Ironically, however, it was their one correct stance during the entire hearing debacle that put them in peril. However woodenly they asserted their alleged reason for not shutting down the pro-Hamas demonstrations, that reason should have been controlling. Speech should be protected unless it crosses the line into direct threats to individuals or incitement to imminent violence. Student parroting of Islamist slogans does not meet those tests. Allowing a central authority to ban speech that it declares injurious to the common good is a license for precisely the abuse of power that has been the norm throughout human history, a norm that the Founders were so insistent on overturning. Moreover, it has been in the name of creating what Magill called a “safe, secure, and supportive” campus “climate” that universities have suppressed unwelcome facts and unpopular speakers.

Of course, even the presidents’ explanation for why they tolerate the pro-Hamas demonstrations is likely a lie. The real reason for their equivocation is fear of the campus Left—or, in the case of the diversity bureaucrats who often took the lead in responding to the terror attacks—agreement with the campus Left that anti-Israel terrorism is merely a matter of Palestinian self-defense.

Critics of the American university have seized on what they perceive as the most efficacious means for discrediting academia. But though accusations of tolerance for the genocide of Jews guarantees the most media coverage, conservatives are making a mistake in highlighting that alleged tolerance as the main reason to revamp the university. This mistake will come back to haunt them.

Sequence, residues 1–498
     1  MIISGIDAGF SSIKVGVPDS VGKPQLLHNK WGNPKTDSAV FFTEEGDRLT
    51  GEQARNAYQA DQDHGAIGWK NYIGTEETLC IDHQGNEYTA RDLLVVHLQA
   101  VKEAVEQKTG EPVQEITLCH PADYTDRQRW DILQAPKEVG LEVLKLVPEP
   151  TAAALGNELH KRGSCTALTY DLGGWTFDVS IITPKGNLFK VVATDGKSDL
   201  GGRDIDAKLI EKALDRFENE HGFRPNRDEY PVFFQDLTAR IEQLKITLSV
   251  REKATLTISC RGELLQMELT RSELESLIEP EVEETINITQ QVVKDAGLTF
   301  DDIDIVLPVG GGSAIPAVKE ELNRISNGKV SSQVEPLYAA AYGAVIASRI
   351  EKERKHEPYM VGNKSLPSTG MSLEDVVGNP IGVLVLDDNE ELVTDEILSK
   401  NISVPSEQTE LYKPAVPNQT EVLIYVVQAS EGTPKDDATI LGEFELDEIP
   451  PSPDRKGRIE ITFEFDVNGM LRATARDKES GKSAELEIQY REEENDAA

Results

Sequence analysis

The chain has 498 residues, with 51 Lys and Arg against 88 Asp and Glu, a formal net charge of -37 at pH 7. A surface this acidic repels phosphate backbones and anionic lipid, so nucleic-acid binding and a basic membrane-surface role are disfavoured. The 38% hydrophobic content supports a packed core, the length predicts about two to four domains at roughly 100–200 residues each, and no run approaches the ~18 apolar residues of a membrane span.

Absent a complete turnover of university personnel, a renewed authority to limit speech will be used overwhelmingly against conservatives. Even now, Penn is weighing sanctions against law professor Amy Wax for her challenges to campus orthodoxy. Had the public consensus been that the universities’ mistake was in not extending the same tolerance they showed to the pro-Hamas demonstrators to dissenters from leftist nostrums, Wax could have argued that she is entitled to the same protections for controversial speech. Now, with renewed support, even from the right, for student “safety,” Penn can argue that its newfound concern for Jewish student safety requires it to intensify its solicitude for the “marginalized” groups whom Wax allegedly jeopardized with her contrarian opinions.

A colleague of Wax’s has published an op-ed in the Washington Post unironically headlined: “To fight antisemitism on campuses, we must restrict speech.” “Isn’t it time for university presidents to rethink the role that open expression and academic freedom play in the educational mission of their institutions?” asks law professor Claire Finkelstein. However fanciful the question’s premise—that universities currently honor academic freedom—it is chilling that the answer is increasingly affirmative, even from many on the right.

Photo by Kevin Dietsch/Getty Images